economic anomalies that exist here are showing up partly because we are indeed ahead of the rest of the world. And that means we have to face the implications of our overall growth sooner. One of those implications is increased debt and very high interest rates. The only ways interest rates can go down are through either deflation (read economic collapse) or inflation and hyper-inflation (read delayed economic collapse). Otherwise they will remain high because the demand for capital grows disproportionately in a mass economy that starts to slow down. This implosion, the slow reduction of growth into negative rates, has a punitive and difficult side.
Normally an economic slowdown would mean a collapse of interest rates. As businesses cut back, they place smaller demands on capital markets. As spending decreases, savings increase, making more money available. But in this case we are facing not a temporary slowing of overall growth but a permanent one. The underlying structural strength of the mass economy is weakened, its recuperative powers severely hampered by its reliance on excessive resource consumption for marginal growth.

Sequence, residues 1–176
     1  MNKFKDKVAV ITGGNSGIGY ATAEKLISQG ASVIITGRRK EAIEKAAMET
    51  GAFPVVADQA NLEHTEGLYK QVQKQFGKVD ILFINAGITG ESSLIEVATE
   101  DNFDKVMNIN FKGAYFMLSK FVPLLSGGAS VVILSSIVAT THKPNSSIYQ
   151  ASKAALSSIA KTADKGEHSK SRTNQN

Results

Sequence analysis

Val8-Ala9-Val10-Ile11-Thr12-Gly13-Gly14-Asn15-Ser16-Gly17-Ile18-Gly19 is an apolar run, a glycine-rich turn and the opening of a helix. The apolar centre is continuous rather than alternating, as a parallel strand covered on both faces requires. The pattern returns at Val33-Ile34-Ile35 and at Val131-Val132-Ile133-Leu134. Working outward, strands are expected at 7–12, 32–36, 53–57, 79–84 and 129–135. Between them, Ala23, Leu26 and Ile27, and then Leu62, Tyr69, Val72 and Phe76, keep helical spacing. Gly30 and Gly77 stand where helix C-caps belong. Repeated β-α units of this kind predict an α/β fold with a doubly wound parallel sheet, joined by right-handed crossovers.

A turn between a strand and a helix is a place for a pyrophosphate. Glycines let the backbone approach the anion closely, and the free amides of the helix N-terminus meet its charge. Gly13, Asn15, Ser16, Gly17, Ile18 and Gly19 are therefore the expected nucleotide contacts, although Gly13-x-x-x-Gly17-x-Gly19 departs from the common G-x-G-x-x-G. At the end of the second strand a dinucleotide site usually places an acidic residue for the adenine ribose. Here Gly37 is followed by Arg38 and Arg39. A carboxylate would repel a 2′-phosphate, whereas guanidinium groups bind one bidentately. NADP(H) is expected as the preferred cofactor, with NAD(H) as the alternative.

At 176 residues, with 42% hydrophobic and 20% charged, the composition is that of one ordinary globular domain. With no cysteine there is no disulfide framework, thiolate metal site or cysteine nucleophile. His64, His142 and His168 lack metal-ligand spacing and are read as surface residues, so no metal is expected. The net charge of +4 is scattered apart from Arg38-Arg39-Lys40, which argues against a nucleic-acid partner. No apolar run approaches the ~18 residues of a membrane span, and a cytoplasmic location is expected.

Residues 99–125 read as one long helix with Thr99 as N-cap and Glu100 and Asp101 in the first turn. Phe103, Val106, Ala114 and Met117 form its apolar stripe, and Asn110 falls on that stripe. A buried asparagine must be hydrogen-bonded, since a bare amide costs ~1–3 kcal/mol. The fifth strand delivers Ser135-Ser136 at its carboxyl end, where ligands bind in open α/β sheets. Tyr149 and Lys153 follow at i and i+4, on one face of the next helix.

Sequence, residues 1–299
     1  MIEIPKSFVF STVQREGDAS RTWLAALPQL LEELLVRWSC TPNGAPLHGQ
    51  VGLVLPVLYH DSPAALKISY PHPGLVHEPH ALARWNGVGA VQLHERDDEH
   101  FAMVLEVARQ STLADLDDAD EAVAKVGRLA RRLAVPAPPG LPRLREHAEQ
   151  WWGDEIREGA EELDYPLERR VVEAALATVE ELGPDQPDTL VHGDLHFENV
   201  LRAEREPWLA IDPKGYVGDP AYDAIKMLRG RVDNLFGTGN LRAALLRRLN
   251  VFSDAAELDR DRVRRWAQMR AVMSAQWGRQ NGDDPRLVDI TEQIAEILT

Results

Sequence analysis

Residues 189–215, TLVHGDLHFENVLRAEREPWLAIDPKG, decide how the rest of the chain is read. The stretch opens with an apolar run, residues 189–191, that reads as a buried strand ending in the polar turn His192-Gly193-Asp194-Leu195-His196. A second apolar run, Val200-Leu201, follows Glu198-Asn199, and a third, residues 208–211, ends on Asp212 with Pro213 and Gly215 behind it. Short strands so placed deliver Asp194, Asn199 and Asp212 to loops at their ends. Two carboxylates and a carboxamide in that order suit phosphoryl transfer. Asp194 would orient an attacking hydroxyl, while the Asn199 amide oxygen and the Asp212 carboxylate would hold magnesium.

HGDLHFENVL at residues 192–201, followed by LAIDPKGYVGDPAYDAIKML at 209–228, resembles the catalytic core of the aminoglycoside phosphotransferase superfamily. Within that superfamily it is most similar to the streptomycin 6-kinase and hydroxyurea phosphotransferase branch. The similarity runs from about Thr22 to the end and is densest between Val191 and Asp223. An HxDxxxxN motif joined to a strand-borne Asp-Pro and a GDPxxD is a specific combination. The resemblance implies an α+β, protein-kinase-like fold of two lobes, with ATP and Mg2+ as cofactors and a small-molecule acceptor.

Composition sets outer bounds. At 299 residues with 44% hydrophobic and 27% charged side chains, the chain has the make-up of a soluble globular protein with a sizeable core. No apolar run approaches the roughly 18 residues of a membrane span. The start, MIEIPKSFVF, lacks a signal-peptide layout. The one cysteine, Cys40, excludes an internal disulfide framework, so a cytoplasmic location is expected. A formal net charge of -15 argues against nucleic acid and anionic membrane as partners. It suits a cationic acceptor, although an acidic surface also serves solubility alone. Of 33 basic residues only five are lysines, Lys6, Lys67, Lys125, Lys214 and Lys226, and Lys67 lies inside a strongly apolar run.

Thus we are in the unusual position of having interest rates stay high while the economy is rapidly declining. This places an even heavier than normal demand on businesses (forcing many to illiquidity more quickly than otherwise would be the case) and makes any sort of real economic recovery almost impossible.
It is as if our hugely successful growth were a pact with the devil, and that now that our growth is largely over, the devil has come to collect. The collection is a cycle in which debt has to be monetized either through increasing the money supply, thereby reducing the debt temporarily in real terms (while increasing its rate of growth), or by payment which drains the lifeblood of the mass economy until it is moribund. This will occur through high interest rates, and the painful irony of high interest rates is that they ensure, almost guarantee, that the larger system resists adaptation from a mass economy to a healthier economy. Given the discount rate of capital, any investment in the future is worth very little in five years.
Using discounted cash flow analysis, a technique promulgated by Harvard Business School to show the "true" return on investment in an environment of high interest rates, long-term capital projects aren't worth building. Whether the project is a windfarm, reforestation, or a nuclear power plant, it